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FAB 1. Bucs Believe Vaughn Was Worth A Third-Round Pick
Of all Tampa Bay’s selections in the 2020 NFL Draft none came with more scrutiny than the team’s third-round pick, Vanderbilt running back Ke’Shawn Vaughn. It’s not that Vaughn isn’t a good player, but was he a good value in the third round?
NFL.com draft analyst Lance Zierlein had a fourth-round grade on Vaughn and equated him to a backup/special teamer.
Vaughn was the eighth-rated running back by Pro Football Focus and ranked as the 146th best player on the PFF Big Board, carrying a fifth-round projection.
Vaughn was the 13th-rated running back by The Draft Network and ranked as the 156th best player on the TDN Big Board.
Vaughn was selected with the 76th overall pick.
“Sure to be a darling in fantasy football leagues due to his favorable destination with Tom Brady, Vaughn has Brady’s old receiving back Shane Vereen as his closest comparable player,” PFF writes. “The rest of Vaughn’s top comps have had receiving success, but not a dominant workload on the ground.”
Vereen played in the NFL for seven years, including the first four in New England where the Patriots drafted him in the second round in 2011, but he never even rushed for 400 yards in any given season, and wound up with just 1,489 yards and eight touchdowns on 356 carries. Where Vereen excelled was as a third-down back and receiver out of the backfield, catching 221 passes for 1,865 yards and 11 touchdowns.
So did the Bucs just spend a third-round pick on a third-down back? It wouldn’t be the first time.
General manager Jason Licht used the 69th overall pick in 2014 to select running back Charles Sims in the third round of the 2014 NFL Draft. Sims didn’t total more than 400 combined yards in any season other than 2015 when he rushed for a career-high 529 yards and post 561 yards receiving yards on a career-high 51 catches.
Sims totaled eight touchdowns and 2,148 yards in his four-year NFL career. The Bucs didn’t re-sign him after his rookie contract expired and no other team did, either.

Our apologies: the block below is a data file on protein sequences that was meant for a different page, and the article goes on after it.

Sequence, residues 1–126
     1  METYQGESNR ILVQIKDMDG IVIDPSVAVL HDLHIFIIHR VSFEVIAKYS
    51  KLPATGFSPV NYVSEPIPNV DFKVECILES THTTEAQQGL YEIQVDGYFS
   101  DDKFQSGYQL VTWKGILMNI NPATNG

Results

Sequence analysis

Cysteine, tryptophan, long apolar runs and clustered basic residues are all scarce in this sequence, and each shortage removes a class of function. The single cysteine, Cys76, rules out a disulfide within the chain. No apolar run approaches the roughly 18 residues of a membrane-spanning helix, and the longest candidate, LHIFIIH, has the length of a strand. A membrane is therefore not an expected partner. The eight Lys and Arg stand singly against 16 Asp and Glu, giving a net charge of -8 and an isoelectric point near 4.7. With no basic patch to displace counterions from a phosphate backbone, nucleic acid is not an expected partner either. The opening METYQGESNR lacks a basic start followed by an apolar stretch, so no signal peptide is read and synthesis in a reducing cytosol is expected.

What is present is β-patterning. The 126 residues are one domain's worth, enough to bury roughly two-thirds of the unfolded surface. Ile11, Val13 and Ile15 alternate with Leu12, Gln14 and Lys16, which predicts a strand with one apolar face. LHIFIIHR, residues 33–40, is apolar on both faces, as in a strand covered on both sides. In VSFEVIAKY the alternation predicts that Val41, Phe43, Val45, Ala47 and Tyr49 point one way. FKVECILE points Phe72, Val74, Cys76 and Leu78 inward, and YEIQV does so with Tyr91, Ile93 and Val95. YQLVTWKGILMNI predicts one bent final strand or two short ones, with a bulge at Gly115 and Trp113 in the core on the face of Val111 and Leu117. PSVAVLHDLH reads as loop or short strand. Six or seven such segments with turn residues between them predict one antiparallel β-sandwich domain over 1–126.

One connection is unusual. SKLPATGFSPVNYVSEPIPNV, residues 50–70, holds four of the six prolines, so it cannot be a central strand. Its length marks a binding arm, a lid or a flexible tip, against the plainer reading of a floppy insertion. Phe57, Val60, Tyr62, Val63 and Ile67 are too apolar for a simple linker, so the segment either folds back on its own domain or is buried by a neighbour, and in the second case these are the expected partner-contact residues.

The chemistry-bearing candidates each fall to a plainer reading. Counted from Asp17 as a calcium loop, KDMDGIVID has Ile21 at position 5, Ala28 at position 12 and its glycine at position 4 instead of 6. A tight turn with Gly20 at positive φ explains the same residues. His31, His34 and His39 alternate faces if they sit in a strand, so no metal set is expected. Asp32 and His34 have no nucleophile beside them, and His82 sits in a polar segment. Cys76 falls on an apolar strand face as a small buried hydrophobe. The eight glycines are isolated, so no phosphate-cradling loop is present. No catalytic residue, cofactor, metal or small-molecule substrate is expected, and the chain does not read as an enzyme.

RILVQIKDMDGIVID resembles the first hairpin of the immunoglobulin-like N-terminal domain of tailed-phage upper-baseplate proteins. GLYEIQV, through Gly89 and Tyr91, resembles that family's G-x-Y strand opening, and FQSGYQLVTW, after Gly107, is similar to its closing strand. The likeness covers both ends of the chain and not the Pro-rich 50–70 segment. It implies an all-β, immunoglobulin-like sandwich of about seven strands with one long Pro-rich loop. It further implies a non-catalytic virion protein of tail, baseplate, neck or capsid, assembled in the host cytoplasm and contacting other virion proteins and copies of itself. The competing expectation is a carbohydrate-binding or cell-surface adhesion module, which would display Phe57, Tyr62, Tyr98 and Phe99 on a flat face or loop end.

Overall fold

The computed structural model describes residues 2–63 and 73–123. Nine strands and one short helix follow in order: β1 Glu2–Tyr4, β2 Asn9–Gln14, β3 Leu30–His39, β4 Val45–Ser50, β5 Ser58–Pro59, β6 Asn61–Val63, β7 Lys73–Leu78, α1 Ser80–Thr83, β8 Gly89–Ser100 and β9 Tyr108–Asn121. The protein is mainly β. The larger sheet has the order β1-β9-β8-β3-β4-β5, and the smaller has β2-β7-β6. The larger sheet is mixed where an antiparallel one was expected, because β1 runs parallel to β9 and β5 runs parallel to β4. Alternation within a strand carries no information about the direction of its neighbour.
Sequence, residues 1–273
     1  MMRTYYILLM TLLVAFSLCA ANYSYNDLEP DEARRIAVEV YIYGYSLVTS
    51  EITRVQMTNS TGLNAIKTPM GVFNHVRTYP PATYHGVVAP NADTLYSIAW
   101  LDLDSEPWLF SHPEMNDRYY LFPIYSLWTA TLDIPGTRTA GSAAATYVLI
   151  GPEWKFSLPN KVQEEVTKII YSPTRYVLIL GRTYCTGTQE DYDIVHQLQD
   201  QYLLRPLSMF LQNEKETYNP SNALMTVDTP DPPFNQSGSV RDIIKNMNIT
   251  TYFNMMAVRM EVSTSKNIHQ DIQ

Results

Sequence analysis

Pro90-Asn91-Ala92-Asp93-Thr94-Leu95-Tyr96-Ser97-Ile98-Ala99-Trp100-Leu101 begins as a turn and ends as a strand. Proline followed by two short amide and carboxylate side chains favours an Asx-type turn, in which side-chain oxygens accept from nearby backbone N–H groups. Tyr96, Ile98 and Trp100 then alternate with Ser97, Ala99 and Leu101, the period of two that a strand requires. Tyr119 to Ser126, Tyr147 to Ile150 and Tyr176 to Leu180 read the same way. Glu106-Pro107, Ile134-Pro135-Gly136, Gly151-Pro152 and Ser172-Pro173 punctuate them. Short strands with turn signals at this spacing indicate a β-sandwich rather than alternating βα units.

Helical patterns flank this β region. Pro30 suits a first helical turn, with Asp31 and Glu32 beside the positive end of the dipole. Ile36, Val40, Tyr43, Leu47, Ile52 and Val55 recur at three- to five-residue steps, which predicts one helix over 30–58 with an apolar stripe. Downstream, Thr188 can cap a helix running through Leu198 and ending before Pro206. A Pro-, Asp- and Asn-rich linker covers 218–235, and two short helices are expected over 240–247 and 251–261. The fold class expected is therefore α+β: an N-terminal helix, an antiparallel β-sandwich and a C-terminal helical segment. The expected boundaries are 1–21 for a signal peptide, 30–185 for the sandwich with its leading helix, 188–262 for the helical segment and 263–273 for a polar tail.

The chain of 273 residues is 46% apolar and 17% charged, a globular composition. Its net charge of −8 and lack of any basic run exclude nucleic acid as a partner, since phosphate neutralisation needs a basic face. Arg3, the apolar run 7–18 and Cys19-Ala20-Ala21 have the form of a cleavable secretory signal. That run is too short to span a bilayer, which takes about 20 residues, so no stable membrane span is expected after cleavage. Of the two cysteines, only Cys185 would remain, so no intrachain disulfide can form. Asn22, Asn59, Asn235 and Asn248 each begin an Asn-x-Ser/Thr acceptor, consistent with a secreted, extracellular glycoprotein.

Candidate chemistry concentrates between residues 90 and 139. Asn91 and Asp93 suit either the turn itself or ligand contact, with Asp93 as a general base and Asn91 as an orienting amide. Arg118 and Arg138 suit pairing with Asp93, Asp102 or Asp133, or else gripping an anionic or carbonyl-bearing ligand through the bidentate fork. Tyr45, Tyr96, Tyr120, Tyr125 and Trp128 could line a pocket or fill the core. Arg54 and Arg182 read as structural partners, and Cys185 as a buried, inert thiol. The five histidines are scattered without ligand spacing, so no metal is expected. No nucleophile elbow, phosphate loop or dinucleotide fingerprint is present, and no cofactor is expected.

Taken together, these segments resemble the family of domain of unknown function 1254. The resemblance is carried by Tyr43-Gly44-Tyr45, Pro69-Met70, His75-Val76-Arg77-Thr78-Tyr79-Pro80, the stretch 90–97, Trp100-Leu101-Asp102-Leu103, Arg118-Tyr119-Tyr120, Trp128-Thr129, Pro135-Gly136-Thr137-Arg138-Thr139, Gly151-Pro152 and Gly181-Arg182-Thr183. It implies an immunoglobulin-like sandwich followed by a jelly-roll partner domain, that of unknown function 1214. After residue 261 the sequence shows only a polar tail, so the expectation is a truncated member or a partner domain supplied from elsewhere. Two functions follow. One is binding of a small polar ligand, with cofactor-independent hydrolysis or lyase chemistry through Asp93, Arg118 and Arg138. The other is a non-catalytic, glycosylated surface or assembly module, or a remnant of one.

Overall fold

The Bucs believe the 5-foot-9, 214-pound Vaughn is more than just a third-down back. He posted 3,296 rushing yards and 30 touchdowns in four years of college football, which started with two seasons at Illinois before he transferred to Vanderbilt. Vaughn burst onto the scene in the Big Ten as a freshman, rushing or 723 yards and six touchdowns, while averaging 4.6 yards per carry. He transferred to Vanderbilt for more playing time after his sophomore year where he was limited to 301 yards and three touchdowns, while averaging 5.0 yards per carry.
Vaughn had a sensational junior year in his first season with the Commodores, rushing for 1,244 yards and 12 touchdowns, while averaging a gaudy 7.9 yards per carry. Vaughn, who rushed for a career-high 243 yards and two touchdowns in a bowl game against Baylor, also had 13 catches for 170 yards and two scores (13.1 avg.) in 2018 during his junior campaign.
As a senior, Vaughn was a marked man as Vanderbilt lost its quarterback and other key offensive weapons to graduation. He rushed for 1,028 yards and nine touchdowns as his average dipped to 5.2 yards per carry, and Vaughn caught a career-high 28 passes for 270 yards (9.6 avg.) and one score.
It will be interesting to see if Vaughn is simply a third-down back like Sims or Vereen, or if he can be more than that at the NFL and challenge Ronald Jones II for carries on first and second down, too. The Bucs are inclined to believe he’s the latter – hence the third down pick.
Tampa Bay also believes Vaughn is faster than the 4.51 time he put up at the NFL Scouting Combine, and it’s that speed that will make him more effective than some are expecting at the next level.